After reading the first chapter---I called my mother and insisted she read the book.  I told her she would find everything in it she could relate to from her childhood, including her grandmother and the era of the great depression.  She did not grow up in the Smokey Mtns., but in a small Missouri town in the Ozarks.  Like Little Tree, her grandmother, was also considered an orphan at a very young age.  She did not lose both parents as he did, but both she and her sister, were considered orphans when their mother died.  From her, my great grandmother, we have the story on my family, passed to each generation, of how her grandparents had come from Overton County, Tenn., at the time of the great removal, and that they crossed with the last group---John Ross's group, and never made it to the Nations, somehow they had managed to settle in the Ozarks of Missouri, always passing for white farmers.
Of course, my mother didn't just read the book from cover to cover the way your suppose to do---she just picked a place and started reading.  But that's the beauty of the book, you can open it anywhere, anytime and start relating and enjoying again and again.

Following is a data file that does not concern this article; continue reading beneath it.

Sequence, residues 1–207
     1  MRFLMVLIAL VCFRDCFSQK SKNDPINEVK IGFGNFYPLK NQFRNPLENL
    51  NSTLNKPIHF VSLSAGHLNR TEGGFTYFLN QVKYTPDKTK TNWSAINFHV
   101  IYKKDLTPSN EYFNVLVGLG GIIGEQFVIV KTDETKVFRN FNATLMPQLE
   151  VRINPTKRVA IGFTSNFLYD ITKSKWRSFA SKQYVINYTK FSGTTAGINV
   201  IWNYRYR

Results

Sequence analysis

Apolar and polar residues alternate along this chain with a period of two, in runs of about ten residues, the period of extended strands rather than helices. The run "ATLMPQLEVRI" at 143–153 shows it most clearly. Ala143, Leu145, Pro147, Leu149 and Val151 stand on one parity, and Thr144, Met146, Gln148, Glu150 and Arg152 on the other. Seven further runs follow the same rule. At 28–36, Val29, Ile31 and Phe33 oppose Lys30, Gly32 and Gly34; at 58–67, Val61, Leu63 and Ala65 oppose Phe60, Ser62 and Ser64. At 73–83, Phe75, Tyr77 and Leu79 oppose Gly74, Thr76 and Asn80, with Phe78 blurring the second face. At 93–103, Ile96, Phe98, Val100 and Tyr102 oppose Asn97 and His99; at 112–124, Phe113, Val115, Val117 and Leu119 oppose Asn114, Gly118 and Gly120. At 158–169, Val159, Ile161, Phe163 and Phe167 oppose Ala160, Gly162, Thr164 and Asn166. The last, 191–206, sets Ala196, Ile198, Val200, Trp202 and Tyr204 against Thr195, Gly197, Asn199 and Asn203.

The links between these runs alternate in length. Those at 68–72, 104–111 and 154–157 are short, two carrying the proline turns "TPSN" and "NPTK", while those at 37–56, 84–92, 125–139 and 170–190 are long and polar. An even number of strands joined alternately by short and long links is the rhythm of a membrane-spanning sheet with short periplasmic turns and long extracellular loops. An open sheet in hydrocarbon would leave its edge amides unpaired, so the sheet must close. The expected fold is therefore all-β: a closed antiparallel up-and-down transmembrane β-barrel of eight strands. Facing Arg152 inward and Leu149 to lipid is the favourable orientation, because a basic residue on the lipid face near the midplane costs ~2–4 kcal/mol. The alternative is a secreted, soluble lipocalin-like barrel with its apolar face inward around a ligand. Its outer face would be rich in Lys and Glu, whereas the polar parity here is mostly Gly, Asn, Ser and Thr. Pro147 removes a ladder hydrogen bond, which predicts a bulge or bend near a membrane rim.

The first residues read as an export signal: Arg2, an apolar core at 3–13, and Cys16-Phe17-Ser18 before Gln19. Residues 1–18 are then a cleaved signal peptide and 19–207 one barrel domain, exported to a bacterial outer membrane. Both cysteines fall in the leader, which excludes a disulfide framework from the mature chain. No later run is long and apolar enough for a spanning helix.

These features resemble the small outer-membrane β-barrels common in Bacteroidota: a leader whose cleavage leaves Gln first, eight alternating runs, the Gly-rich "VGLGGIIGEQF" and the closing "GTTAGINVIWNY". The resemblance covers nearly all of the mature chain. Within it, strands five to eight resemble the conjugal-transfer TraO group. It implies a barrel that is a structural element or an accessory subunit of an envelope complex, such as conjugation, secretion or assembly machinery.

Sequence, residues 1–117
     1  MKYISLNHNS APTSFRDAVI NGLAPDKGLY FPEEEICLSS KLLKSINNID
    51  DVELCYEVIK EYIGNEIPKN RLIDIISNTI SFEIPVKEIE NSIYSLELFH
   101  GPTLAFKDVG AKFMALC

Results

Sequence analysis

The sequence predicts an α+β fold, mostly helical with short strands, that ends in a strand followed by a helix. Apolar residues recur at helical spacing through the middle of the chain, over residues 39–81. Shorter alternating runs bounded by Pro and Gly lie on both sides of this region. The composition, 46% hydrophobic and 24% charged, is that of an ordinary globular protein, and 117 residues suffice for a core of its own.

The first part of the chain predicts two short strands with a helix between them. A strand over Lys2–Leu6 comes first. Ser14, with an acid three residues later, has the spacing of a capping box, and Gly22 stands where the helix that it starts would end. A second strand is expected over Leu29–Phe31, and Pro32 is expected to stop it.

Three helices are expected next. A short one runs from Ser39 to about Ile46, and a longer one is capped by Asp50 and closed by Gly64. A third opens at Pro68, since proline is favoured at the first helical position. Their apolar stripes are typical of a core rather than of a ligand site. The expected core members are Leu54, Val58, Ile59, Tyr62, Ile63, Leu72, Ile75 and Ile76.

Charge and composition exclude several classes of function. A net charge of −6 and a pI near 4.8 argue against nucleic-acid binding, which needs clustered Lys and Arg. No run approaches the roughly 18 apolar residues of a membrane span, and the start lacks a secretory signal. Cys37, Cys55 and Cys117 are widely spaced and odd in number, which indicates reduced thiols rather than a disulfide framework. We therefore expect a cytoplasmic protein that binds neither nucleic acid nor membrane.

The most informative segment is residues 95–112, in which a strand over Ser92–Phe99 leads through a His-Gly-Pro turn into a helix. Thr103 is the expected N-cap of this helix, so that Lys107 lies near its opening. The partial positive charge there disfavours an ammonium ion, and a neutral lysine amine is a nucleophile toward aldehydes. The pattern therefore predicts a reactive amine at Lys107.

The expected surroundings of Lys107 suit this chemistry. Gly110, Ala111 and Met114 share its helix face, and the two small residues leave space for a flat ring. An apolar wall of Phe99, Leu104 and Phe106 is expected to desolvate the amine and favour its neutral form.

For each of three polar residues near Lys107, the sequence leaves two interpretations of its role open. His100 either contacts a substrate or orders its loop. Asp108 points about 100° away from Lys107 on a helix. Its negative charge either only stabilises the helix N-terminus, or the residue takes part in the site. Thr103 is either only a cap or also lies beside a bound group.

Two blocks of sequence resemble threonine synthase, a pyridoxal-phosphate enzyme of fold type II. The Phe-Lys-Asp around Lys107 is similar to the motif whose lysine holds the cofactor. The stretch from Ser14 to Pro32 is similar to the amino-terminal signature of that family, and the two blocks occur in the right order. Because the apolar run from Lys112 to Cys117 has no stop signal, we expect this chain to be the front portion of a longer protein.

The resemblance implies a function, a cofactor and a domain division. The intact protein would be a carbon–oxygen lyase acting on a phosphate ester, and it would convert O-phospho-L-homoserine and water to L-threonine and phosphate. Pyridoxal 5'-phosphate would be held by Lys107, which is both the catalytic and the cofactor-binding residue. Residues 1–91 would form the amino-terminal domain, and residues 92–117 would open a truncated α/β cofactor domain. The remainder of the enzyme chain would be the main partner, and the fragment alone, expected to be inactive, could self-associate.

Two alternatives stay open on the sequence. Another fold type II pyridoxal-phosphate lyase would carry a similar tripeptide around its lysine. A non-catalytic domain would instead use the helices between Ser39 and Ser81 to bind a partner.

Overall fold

A few years ago we went by car crossing the Smokey Mtns. from North Carolina into Overton County, Tenn.  We were on our way to visit our daughter in Oklahoma and thought we could stop off and look for our "roots".  Somehow we ended up on a narrow country road, I was trying to find a good route to the town of Livingston, well, to our amazement, we were suddenly headed down a very steep mountain, with all these sharp curves, curve after curve, and when we got to our destination, we were told we had been on Cub Mt., which has 13 hairpin curves!  The locals told us the joke about the farmer and the hitchhiker on Cub Mtn., how both of them had started at the top, but the farmer wouldn't give the hitchhiker a ride, he would just wave at the hitchhiker on each curve, who in turn, would run straight down the mountain and wait on the next curve, never getting a ride, but always staying ahead of the farmer.